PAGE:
Many, received a first stimulus check under the CARES Act, and would likely be eligible for a second one. For older adults and retired people, factors like , , your pension, if you're part of the (more below) and whether the IRS considers you a dependent will likely affect your chances of receiving a second payment.
What to do if you didn't file a federal tax return in 2018 or 2019
People who weren't required to file a federal income tax return in 2018 or 2019 may not have been required to file:under the CARES Act. If that guideline doesn't change for a second stimulus check, this group would qualify again. Here are reasons you might
- You're over 24, you're not claimed as a dependent and your income is less than $12,200.
- You're married filing jointly and together your income is less than $24,400.
- You have no income.
- You receive federal benefits, such as Social Security or Social Security Disability Insurance. See below for more on SSDI.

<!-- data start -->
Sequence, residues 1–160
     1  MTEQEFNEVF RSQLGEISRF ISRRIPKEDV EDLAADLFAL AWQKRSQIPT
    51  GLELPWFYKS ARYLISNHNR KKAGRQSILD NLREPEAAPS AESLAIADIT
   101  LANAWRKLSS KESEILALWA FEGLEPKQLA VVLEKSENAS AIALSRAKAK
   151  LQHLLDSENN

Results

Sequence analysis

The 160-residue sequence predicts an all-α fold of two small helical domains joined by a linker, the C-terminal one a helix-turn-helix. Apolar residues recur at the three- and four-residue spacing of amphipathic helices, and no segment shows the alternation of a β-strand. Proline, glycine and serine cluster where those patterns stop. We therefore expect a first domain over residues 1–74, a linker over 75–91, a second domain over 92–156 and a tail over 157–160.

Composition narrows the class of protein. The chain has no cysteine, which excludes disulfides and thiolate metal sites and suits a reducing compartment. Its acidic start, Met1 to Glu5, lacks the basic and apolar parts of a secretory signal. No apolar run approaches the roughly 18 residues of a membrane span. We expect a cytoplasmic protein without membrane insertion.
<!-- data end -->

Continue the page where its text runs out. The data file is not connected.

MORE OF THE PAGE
With the first stimulus check, non-filers needed to provide the IRS with some information before they could receive their payment. (If you still haven't received a first check even though you were eligible, the IRS has to use its Non-Filers tool through Nov. 21.) who may fall into this category but who haven't requested their payment.
You receive SSDI: Can you still get another stimulus payment?
Those who are part of the Direct Express card, which the government typically uses to distribute federal benefits, but through a non-Direct Express bank account or as a paper check. SSDI recipients also need to use the IRS' Non-Filers tool to request a payment for themselves and dependents.under the CARES Act. Recipients wouldn't receive their payments via their
Who wasn't eligible to receive the first check?
From the payment authorized under the CARES Act, which became law in March, these groups were excluded:
- Single taxpayers with an over $99,000.
- Heads of households with an AGI over $136,500.
- Married couples with an AGI over $198,000.
- Children over 16 and .
- "Nonresident aliens," as defined by the US government.
- People .
- People who are incarcerated -- this is now under legal review (see above).
- People who died since the previous tax filing. (Their families may not collect on their behalf and are expected to return the payment.)
For more, here's what we know about the. We also have information on , , and .